I suppose I am comfortable with a certain level of technology, a level that has already been explored by many science fiction writers and is accepted and liked by a great many science fiction readers. Again, my own ignorance about technology prevents me from currently writing anything like cyberpunk. I just don't have the background to do it justice. So I really don't see my science fiction as the type that will inspire future engineers. Rather, I see my work as inspiring (if, in fact, it inspires anyone at all) future humanitarians, future philosophers. Remember, science fiction is about exploring how humans respond to fantastical situations as much as it is about inventing and describing cool technology. This is one of the reasons I consider 2001: A Space Odyssey to be my favorite book. Clarke had the scientific knowledge to make the technology one hundred percent plausible but the story is, essentially, about humanity. I mean, it begins with the dawn of consciousness, with the evolution (via external means in his story) of creatures that would one day become human beings! Because of his invented world of the near future, his characters--Dave Bowman in particular--are able to have experiences that no other humans have before experienced. How it affects them is just as fascinating as how future technology, such as the HAL 9000 computer, might work (or not work). How does the realization that an alien intelligence has visited our solar system affect them?

I often think about what would happen if we were to wake up one day and have undeniable proof that we were not alone in the universe. What effect would it have on world religions? I mean, in the 16th century Copernicus developed a heliocentric model of the solar system and while no one with any sense would deny the truth of this model today, there are many who still have a very geocentric, or Earth-centric, view of reality: that we, human beings, are at the center of God's divine plan, that, in fact, we are created in God's image and are his chosen species. Remember, it was only two thousand years ago that not only were humans God's chosen species on the planet, but a very specific group inhabiting the Levant were his chosen race. I speak from a Judeo-Christian perspective, of course, because it is the tradition that has most shaped the Western world. Now, this type of thinking has been used to justify and explain our dominance on this planet. But what if another, intellectually superior species managed to cross the vast distances between star systems and arrive at ours? God wouldn't seem to favor us so strongly then, would he?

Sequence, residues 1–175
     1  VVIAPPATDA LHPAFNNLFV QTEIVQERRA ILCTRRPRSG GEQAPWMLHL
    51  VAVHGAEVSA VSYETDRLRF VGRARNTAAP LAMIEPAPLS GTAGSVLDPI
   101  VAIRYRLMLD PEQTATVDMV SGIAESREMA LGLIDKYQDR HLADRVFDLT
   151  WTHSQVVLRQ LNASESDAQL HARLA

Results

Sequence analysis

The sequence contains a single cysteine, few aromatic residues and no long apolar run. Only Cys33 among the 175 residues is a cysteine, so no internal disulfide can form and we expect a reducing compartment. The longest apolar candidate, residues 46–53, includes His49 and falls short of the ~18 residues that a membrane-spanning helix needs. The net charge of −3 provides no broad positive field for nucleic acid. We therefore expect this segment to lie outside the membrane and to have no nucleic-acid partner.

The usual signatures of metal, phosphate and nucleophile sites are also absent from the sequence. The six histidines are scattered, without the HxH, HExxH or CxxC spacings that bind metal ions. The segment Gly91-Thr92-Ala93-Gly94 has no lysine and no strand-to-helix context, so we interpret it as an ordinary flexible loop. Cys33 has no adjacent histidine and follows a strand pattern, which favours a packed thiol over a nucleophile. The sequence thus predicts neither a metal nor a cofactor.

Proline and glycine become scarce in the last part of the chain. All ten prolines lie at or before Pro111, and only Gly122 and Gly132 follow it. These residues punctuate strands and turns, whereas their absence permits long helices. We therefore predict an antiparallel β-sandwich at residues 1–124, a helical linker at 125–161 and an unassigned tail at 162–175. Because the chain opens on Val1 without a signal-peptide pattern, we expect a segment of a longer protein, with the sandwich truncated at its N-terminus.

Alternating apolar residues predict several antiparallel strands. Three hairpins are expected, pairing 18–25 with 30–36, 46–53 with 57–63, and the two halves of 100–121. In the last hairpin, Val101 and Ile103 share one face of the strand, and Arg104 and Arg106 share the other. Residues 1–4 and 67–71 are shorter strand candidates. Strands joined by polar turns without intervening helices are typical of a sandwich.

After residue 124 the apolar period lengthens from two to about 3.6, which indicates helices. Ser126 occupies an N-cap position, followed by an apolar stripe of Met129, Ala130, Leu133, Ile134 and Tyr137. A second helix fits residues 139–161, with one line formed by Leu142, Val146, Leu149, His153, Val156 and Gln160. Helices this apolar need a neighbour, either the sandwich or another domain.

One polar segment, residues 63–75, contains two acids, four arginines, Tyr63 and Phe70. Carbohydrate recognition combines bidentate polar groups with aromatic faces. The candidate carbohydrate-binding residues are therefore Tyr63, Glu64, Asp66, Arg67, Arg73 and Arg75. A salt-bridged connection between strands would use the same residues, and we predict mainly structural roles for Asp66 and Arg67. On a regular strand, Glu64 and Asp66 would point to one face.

I do believe in a creator. To believe in a specific god requires more faith than I have, though. I must trust that the creator, whatever it may be, gave me the ability--via evolution--to observe the world empirically for a reason. We are a species that is meant to question the world around us, not invent angels and devils to which to ascribe the mysteries of the universe. To return to my main point, this is my focus when I write science fiction. I hope to inspire future dreamers, people who will look at our world and see it for what it really is but also see what it can be if we throw off the shackles of tribe, of clan, of race, of nation, even of species. I know that to date my work hasn't explored this as fully as I would like but I am working toward it and my next project, Chrysopteron, will fully explore these ideas.

Read Part 2 here!

Friday, May 11, 2012


Hello, all! I am very excited to officially announce that Sullivan's War: Book III - Edaline's Dawn will go live next Friday, May 18! The journey began in December with the release of the prologue to the series, Sergeant Riley's Account, and was followed by Book I in January and Book II in March. Combined, those books have received over twenty 4- and 5-star reviews and have been a nearly constant presence on Amazon's "Bestsellers in Science Fiction Series" list.

Book III sees the end of the Sullivan's War story line. Rick Sullivan will finally return to his home planet of Edaline and fight to free Edaline's people of their oppressive government. It will also reveal the fate of Frank Allen. And what of the bounty hunter Harvey? Will he continue to be a thorn in Sullivan's side? And what role do the mysterious hyperspace entities have to play in Sullivan's future?

To find out, get Sullivan's War: Book III - Edaline's Dawn next Friday! Please visit the Sullivan's War page on my official website for more information and for links to purchase Books I & II: